TORONTO — The Toronto Blue Jays’ power numbers have been impressive during their seven-game winning streak that has taken them to the top of the American League East standings.
They’re also doing the little things right and it paid off in a 10-5 win over the Tampa Bay Rays on Monday night.
Bunt singles, hustle plays, slick defence, outfield assists — the Blue Jays are doing it all while keeping the long ball in their arsenal. Edwin Encarnacion, Steve Tolleson and Dioner Navarro hit solo homers and Toronto (30-22) pounded out 16 hits in the opener of a three-game series on a muggy night at Rogers Centre.
“They just put the heavy gloves on and beat us up tonight,” said Rays manager Joe Maddon.
The Blue Jays jumped out to a 2-0 lead after opening with five straight hits on Canadian starter Erik Bedard (2-3). Tampa Bay (23-29) did some damage against Toronto starter Drew Hutchison (4-3) but could never move into the lead.
Every time the Rays scored, the Blue Jays were quick to answer.
When Tampa Bay tied the game in the third inning, Navarro and Tolleson responded with back-to-back homers in the fourth.
When the Rays pulled even again in the fifth, Toronto put four more runs on the board in the bottom half before Encarnacion added an insurance run with a solo shot in the sixth inning.
With the win, Toronto remained two games ahead of second-place New York in the A.L. East. The Yankees defeated St. Louis 6-4 in 12 innings.
The Blue Jays have won seven of their last eight home games and 12 of their last 14 games overall.
“When things are going good, they’re going good,” said Toronto manager John Gibbons.
It was Encarnacion’s 13th homer this month, breaking Jose Bautista’s club record for home runs in the month of May that was set in 2010. Melky Cabrera chipped in with three hits, while Brett Lawrie of Langley, B.C., Navarro and Kevin Pillar added two hits apiece.
“It was just not enough,” Maddon said. “They kept adding on. They have such a good lineup and when the bottom (of the order) contributes like they did today, it makes it even more difficult.”
The Blue Jays showed their mix of skill and power in the first inning. A bunt single, double and three straight singles got the crowd of 15,616 into the game early.
David DeJesus hit a solo shot for Tampa Bay in the third and James Loney later drove in Evan Longoria with a sacrifice fly. The Rays loaded the bases but Tolleson showed his range at second base by cutting off a sharp grounder by Cole Figueroa and making an off-balance throw to first for the third out.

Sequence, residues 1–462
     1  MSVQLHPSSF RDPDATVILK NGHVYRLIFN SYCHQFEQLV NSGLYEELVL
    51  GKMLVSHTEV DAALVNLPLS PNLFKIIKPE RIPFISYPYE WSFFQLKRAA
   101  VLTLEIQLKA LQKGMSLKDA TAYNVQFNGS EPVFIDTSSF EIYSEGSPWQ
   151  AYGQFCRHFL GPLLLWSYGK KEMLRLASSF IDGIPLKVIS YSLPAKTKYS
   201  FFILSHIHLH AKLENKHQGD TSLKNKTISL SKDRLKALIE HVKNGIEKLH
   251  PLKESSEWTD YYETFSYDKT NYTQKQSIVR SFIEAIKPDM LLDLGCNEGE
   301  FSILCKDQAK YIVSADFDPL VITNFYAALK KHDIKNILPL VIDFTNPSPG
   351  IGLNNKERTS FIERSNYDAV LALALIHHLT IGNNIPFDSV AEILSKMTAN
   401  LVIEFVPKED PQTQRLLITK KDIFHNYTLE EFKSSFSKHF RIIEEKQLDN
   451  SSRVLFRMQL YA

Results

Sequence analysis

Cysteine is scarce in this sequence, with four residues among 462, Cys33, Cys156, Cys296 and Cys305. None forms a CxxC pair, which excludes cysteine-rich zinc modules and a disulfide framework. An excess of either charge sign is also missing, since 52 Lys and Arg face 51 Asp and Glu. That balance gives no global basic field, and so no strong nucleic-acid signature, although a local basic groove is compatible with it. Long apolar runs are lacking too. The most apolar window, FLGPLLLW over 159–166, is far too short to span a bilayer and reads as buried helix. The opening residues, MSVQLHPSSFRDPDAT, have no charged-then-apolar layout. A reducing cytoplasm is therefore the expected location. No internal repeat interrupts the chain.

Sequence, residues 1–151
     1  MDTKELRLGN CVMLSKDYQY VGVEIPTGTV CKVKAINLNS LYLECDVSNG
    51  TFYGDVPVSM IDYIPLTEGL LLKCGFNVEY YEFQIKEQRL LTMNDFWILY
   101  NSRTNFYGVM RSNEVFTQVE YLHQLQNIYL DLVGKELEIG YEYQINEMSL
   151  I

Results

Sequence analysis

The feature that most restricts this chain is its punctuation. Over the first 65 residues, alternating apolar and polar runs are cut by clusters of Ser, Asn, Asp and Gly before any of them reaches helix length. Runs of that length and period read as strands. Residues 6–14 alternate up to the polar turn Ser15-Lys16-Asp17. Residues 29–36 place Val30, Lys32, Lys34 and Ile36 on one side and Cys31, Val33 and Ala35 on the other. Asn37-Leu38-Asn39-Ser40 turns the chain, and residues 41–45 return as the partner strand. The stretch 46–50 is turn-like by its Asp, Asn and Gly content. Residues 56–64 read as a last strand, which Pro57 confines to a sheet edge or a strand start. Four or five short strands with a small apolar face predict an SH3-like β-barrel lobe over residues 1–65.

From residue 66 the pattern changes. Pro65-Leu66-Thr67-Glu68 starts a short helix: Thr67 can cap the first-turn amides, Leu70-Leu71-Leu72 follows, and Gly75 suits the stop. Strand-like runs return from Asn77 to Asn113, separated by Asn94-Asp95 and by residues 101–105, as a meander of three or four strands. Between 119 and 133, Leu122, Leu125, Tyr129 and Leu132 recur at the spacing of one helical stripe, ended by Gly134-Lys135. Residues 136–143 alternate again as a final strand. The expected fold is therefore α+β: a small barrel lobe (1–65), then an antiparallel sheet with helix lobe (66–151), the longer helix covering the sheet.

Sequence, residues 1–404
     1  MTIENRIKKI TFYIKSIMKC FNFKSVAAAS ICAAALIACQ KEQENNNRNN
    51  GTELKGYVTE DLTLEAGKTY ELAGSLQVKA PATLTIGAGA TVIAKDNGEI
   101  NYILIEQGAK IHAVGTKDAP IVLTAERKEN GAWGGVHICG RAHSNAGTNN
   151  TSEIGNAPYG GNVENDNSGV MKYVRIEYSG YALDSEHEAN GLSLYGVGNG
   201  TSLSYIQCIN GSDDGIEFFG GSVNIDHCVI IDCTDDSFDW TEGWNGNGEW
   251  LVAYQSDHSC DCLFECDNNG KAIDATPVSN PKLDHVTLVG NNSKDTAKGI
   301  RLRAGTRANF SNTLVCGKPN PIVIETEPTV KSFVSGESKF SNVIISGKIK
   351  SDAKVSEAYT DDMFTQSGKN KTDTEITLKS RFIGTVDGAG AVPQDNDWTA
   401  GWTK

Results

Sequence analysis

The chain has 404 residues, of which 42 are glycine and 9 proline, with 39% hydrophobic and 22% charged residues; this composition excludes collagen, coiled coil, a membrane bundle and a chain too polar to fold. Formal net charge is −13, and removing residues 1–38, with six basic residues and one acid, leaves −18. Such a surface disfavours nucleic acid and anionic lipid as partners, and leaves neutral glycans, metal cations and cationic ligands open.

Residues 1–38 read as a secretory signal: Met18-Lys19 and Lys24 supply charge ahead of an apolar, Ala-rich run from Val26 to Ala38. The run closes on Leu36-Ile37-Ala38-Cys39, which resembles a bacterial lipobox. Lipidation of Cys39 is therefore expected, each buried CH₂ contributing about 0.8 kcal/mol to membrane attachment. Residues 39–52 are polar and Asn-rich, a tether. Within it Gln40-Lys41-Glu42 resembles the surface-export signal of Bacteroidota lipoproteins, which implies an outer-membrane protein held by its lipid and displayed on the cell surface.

Toronto responded in the fourth inning by hitting back-to-back homers for the third time this season. The Blue Jays also used a little small ball to push another run across.
Pillar reached on an infield single and moved to second when Anthony Gose dropped down a nice sacrifice bunt. Reyes moved Pillar to third on a grounder to the right side of the infield and Cabrera drove him in with a single.
In the fifth, Tampa Bay’s Matt Joyce hit a one-out double and cleanup hitter Desmond Jennings followed with his fifth homer of the season. Loney tied the game with a solo shot — the first time the Rays have hit back-to-back homers this year.
Toronto responded with four runs in the bottom half of the frame. Encarnacion and Lawrie hit back-to-back doubles and Navarro added an RBI single to make it 7-5, knocking Bedard out of the game.
Alex Colome came on in relief and didn’t fare much better.
He walked pinch-hitter Juan Francisco and got Pillar to fly out before being burned by the speedy Gose, who out-hustled Colome to the bag on a slow chopper to the right side. Reyes drew a bases-loaded walk and Cabrera drove in Francisco with a sacrifice fly.
Encarnacion led off the Toronto half of the sixth by turning on a 2-2 pitch from Colome. Entering the game, the Toronto slugger led the major leagues in homers in May, was tied for first with 17 extra-base hits and was second with 25 RBIs.
Cabrera and Gose each chipped in with an outfield assist. Pillar also showed off his defensive skill in right field by making a nice sliding catch at the warning track to prevent Longoria from driving in a couple of runs.